The struggling private equity firm, Abraaj Group, is auctioning off its private art collection. All of the works in its collections are in the process of being sold at auctions in London this month, with some works being estimated to sell at less than ten percent of what the purported owner, Arif Naqvi, authorized to be paid for them.
Abraaj and Naqvi were renowned collectors of art. At its height, Abraaj was reported to have managed $14 billion USD in assets, and it served as Art Dubai’s sponsor for the decade between 2008 and 2018. The firm went into liquidation early this year, and its current administrators, Deloitte and Price Waterhouse Coopers, has opted to sell off its art collection.
The firm – at one time considered to have laid the foundation for corporate patronage of the arts in the Middle East region – had to close its annual Abraaj Group Art Prize in addition to ending its sponsorship of Art Dubai.
The prize started in 2009 as a decade-long project to help support emergent artists in the Middle East, North Africa, and South Asia. As a result of the firm’s endowment, over the course of the past ten years, 30 works were created both by winning and shortlisted artists. Winners were awarded $100,000 USD for their endeavours, while shortlisted individuals still received $10,000 USD.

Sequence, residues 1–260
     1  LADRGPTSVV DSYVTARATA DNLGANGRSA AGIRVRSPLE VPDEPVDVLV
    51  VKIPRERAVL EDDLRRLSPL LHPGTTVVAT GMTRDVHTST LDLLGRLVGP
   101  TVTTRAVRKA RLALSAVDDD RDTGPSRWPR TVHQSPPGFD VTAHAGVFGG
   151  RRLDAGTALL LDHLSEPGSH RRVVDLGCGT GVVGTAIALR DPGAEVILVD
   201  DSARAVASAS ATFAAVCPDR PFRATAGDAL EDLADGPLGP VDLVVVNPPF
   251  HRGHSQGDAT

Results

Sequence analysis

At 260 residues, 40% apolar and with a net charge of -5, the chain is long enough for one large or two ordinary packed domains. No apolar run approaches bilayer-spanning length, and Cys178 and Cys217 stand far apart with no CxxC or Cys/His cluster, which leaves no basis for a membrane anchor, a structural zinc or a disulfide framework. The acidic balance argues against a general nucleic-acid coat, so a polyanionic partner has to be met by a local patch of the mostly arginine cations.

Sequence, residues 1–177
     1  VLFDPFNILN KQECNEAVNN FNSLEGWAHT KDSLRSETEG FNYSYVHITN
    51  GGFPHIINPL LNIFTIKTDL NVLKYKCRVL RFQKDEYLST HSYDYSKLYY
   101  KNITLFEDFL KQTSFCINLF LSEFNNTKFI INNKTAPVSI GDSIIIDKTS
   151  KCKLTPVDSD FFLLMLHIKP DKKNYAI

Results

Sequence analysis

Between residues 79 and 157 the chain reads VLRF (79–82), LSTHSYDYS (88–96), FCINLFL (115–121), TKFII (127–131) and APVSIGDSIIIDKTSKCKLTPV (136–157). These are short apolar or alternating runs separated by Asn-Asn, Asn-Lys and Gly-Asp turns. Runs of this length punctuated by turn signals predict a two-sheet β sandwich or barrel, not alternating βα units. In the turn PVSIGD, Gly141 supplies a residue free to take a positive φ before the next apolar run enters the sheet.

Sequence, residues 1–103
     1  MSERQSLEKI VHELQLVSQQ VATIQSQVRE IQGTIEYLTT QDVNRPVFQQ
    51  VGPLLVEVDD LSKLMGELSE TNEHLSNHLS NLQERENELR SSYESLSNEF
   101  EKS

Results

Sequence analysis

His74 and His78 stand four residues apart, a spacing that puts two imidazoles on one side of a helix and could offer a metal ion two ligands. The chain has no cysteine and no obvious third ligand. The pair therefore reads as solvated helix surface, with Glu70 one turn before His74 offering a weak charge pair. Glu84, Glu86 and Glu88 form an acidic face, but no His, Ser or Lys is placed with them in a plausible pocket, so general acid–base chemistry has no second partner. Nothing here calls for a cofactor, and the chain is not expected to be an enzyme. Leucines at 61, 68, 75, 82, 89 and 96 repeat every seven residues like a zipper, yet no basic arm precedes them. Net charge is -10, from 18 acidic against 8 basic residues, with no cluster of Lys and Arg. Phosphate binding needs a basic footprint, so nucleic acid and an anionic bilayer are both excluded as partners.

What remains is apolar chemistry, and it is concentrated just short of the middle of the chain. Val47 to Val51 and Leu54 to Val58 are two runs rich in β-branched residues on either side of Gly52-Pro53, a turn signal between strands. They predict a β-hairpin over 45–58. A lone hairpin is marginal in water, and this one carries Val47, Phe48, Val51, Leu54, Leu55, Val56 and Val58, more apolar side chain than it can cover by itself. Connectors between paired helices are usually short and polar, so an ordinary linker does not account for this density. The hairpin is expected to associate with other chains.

As the firm put an end to its prize, it released a brochure noting the accomplishments of its patronage. “We set out the prize to be a vehicle for change and leave a lasting impression – for the 44 artists, 14 curators, and global art community – and we are proud to have played a catalytic role.”
The equity firm started its rapid collapse earlier this year when it heard allegations of misuse of its investors’ funds.
The firm’s works will appear at Bonhams at auction in London on October 23 and 24 at three different auctions. Some of the Abraaj collection of Arab, Iranian, and Southeast Asian art has already sold at other auctions.
Christie’s will also be offering some works from Naqvi’s private collection. Naqvi stepped down from the firm last February amidst its collapse.
According to Nima Sagharchi, the director of Middle Eastern, Islamic and South Asian art at Bonhams, “The Abraaj art collection is one of the most widely published and widely exhibited collections covering the categories [of Middle Eastern, Islamic and South Asian art].”
The collection includes works by Parviz Tanavoli and Mohammad Ehsai. He is the Merciful, by Ehsai, sold for $1.1 million USD at Christie’s in Dubai in 2008. At Bonhams this October, the work is estimated to sell for less than a tenth of that value.